In a dramatic message, one of Barbados’ most successful prime ministers and perhaps a driving force behind the Caribbean Single Market and Economy (CSME), was told unequivocally by voters this week – time for a change. Despite an enviable record of achievement over the last thirteen years, Prime Minister Owen Arthur’s Barbados Labour Party lost overwhelmingly to the Democratic Labour Party in what Guyanese journalist Dr Rickey Singh referred to as the mother of all elections.
A television journalist who comes from Arthur’s constituency on a post-elections panel discussion broadcast across the Caribbean was visibly emotional as she expressed a mixture of shock and disappointment at the loss of a Prime Minister who had won respect and admiration from his fellow Barbadians, the Caribbean people and their leaders and the international community as a straight-talking, competent leader.
Arthur championed not only the case for his country but the cause of CARICOM, and came to the defence of Guyanese after some popular anti-Guyanese rhetoric from that country’s press. His government’s loss at the polls – he himself won his constituency by a margin of two to one – at the very least will impact on the progress of the CSME and it places a huge responsibility and opportunity on the other regional leaders to keep the momentum going.
Perhaps it was his years in Jamaica where as an economist and a committed Caribbean nationalist, he worked in Economic Planning with the Michael Manley government and as Director of the Jamaica Bauxite Institute in the late eighties before returning to Barbados where he practised his trade as an economist, later turning his attention to politics. At home he is credited with having saved the Barbados dollar from devaluation against the wishes of many, including the international financial institutions and critics. They argued that with Barbados inflation running above the rate in the US, it was foolhardy to retain theoretical parity with the US dollar. It was that act of courage, defiance and the national pride in the ‘strength’ of the Barbados dollar (US$1 = B$2) that won him such admiration from his people. Equally importantly he ensured that the economy did not falter in the wake of 9/11 when the fear of flying gripped Americans and threatened the tourism sector – one of the pillars of the country’s economy. His defence of the Barbados dollar might have appeared like grass-roots economics, but the economy performed so well that unemployment reduced from over 20% in 1994 to 7% in 2007.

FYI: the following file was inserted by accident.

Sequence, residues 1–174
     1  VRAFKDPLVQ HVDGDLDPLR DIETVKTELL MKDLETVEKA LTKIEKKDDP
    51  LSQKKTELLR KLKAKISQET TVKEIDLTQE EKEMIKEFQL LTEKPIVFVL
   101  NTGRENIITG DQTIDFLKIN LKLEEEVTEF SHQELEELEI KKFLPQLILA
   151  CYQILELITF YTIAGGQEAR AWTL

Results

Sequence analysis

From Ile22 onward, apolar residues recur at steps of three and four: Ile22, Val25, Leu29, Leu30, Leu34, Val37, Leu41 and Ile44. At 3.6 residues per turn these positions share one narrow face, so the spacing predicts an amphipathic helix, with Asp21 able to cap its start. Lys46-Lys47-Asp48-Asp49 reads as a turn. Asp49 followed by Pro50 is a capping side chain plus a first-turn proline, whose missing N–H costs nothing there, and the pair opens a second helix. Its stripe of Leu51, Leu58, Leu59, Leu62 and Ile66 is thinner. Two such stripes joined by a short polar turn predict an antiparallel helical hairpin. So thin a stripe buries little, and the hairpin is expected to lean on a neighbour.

During that time the standard of living and the quality of life in Barbados have improved continuously and that country tops all the other Caribbean countries in the United Nations Human Development Index. For a small country with not a great amount of natural resources Barbados annoys its critics with the efficiency with which it operates, and significantly successive governments have managed to cultivate among Barbadians a consensus on national values and aspirations.
The substantial progress made with the CSME is no doubt part of former Prime Minister Arthur’s legacy – removing restrictions on the movement of people, businesses and capital around the Caribbean. It is not the fault of Mr Arthur or President Jagdeo or indeed that hobby-horse Caricom that some of the region’s businesspersons are still reluctant to capitalize on the opportunities offered by the single market. The Trinidad business community has had no such reservations, and their operations are now evident across the region in several sectors, including finance and banking, (Republic Bank and RBTT), manufacturing and distribution (Trinidad Cement, Carib Beer, soft drinks, biscuits) and hospitality (Christian Mouttet and Issa Nicholas).
In the professions and services sector, there are a growing number of accountants and lawyers straddling borders, as are advertising agencies, architects and other service providers, and the Caribbean showed how it could perform as a unit in the hosting of Cricket World Cup 2007.